I think that it is very easy, and honestly a bit natural for us to demonize the other nine. “What are they doing?” we might think. “Jesus is right there, why wouldn’t they just thank him and then be on their way.” Let’s not forget what this healing meant for these people. Like we said earlier, these men were getting their life back. They had lost literally everything that they had, and in a moment, they could have it all back. If we’re being honest, we do the same thing every day. Too often we become so enamored with the gifts that God gives us, whether it is family, work, money, you fill in the blank. These things become so forefront in our minds that we forget to give Him glory with our praise. I also think that it’s important to note here: these men did everything that Jesus asked of them. They had the confidence and hope that Jesus could heal them, they just didn’t give Him the glory. Sometimes we need to look deeper into what Jesus asks of us, and not just “do,” but give him glory, thanks, and praise in that which he asks.

Bob Goff is a lawyer, diplomat, and professor, but is probably most well-known for writing a book entitled, Love Does. In his book, he recounts a story from when his son, Richard, was younger. Evidently, Richard loved to play “Bigger and Better,” a game in which you begin with something small, such as a paper clip, and begin to trade that item for something bigger or better. This goes on until you decide to stop, and walk away with something usually much bigger – or better – than the item you began with. In the particular tale that Goff tells, Richard began with a dime, and after trading up a few times, he had a mattress, and then a ping-pong table, and then an elk head, and finally he walked away with a Dodge pickup truck. This is a true story! Now, I know some of you might be Chevy people, and some might be Ford people, and I won’t get into the politics of discussing if the Dodge pickup truck is actually any better than a ping-pong table, but you understand the point.

What I’m saying is that Richard could have stayed at home with his dime, and bought a Laffy Taffy or a Tootsie Roll at the beach when the family went on vacation. But he didn’t settle for what he had, he waited for something he knew would be better.

I think this is a lot like what is happening with these 9 men. They got what they wanted from Jesus – they got the temporary answer to their temporary sickness. What they didn’t get, however, is the eternal solution to the eternal problem. They saw Jesus as the means to get what they wanted, not the end goal that they should be running towards. They settled for a gift that was good, for sure, but were so enamored by this gift that they were too blind to see both the Gift Giver, and the greater gift that He could have given. The Samaritan was not so blind.

This reminds me of a C.S. Lewis quote that you are probably familiar with. It comes from his book, The Weight of Glory. He said,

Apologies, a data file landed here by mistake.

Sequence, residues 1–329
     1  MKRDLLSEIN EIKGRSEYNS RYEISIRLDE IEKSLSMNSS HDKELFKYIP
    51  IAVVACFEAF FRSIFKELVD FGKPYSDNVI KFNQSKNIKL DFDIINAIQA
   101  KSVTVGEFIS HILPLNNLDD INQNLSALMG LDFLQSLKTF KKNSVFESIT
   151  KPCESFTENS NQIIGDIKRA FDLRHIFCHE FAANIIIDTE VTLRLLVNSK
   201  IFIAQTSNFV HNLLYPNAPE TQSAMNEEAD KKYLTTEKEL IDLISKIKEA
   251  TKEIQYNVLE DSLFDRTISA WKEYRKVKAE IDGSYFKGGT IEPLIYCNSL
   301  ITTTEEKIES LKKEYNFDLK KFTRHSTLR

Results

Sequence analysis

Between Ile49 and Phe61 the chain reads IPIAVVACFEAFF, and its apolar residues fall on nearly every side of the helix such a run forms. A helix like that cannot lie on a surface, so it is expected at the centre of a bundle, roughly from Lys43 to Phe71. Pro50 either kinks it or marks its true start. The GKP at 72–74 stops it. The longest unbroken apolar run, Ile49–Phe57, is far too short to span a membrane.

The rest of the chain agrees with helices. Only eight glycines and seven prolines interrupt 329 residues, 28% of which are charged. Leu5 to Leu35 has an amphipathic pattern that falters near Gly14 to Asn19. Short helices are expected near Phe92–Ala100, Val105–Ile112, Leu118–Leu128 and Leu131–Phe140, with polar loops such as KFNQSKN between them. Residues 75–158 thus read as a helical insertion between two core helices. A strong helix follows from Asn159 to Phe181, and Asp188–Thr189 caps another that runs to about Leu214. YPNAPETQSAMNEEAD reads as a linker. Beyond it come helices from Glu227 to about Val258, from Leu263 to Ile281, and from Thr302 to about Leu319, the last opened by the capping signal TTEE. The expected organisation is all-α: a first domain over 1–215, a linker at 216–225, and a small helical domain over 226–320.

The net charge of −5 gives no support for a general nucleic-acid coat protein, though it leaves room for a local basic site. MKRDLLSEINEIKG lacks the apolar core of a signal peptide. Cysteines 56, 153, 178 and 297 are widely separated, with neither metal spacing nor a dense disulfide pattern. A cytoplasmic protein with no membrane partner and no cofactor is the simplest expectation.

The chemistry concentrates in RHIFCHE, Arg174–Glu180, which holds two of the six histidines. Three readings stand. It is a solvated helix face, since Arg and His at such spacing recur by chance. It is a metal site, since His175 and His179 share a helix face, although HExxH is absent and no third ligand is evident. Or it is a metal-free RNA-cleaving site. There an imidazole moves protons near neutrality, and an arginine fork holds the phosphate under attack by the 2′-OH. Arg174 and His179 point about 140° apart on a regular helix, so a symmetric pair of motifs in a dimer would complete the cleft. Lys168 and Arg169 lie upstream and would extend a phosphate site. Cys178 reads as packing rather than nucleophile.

“It would seem that Our Lord finds our desires not too strong, but too weak. We are half-hearted creatures, fooling about with drink and sex and ambition when infinite joy is offered us, like an ignorant child who wants to go on making mud pies in a slum because he cannot imagine what is meant by the offer of a holiday at the sea. We are far too easily pleased.”

The Samaritan sees the true treasure. He sees the “holiday at the sea.” When he goes back and worships, Jesus tells him, “Rise and go your way; your faith has made you well.” This is huge. The literal meaning of that last phrase translates, “your faith has saved you.” That’s salvation language! The other nine may have gotten a head start on their 8-day cleansing process, but this Samaritan has gained eternal life! What an exchange. The Samaritan rightly sees Jesus as the true end, not the means. Let me pause very quickly. I don’t want this to sound like I’m saying that the Samaritan’s thankfulness has saved him. Jesus is clear that his faith has saved him. His thankfulness is simply produced as a result of his salvation. He’s only been saved for a matter of minutes, and he’s already producing fruit.


I’ll bring this to a close with some personal check-up questions. Think about your own life. Are you coming back to the Lord in thankfulness? Are you willing to step out in faith?

What about this…

Are you more often thankful for the healing or the Healer? The gift or the Giver? Salvation or the Savior? What you are more thankful for is often what you are truly worshiping. Please understand me, we are to be thankful for these things. We just are not, by any means, to give the gifts a higher place in our hearts than the God of the universe, who is the good gift giver. Salvation through Jesus Christ is the best gift that God has given us. We must never become so enamored with heaven that we lose sight of the author of salvation.

We must glorify God in all that we do, especially in what He asks us to do. It is not simply enough to follow his commandments if it is coming from a heart of ingratitude. Rather, in all things give thanks to Him. In all things, give praise to Him. In all things, give glory to Him. He delights in and demands our glory, and the truly remarkable thing is to realize that even if we “check all of the boxes,” so to speak, yet give none of the glory to Him, His will is not being done on earth as it is in heaven.

Is God the means by which you get what you want, or is he truly the end goal, the Lord over your life? Glorify God in your thanksgiving, and remember that faith in Jesus is what saves. Let’s pray.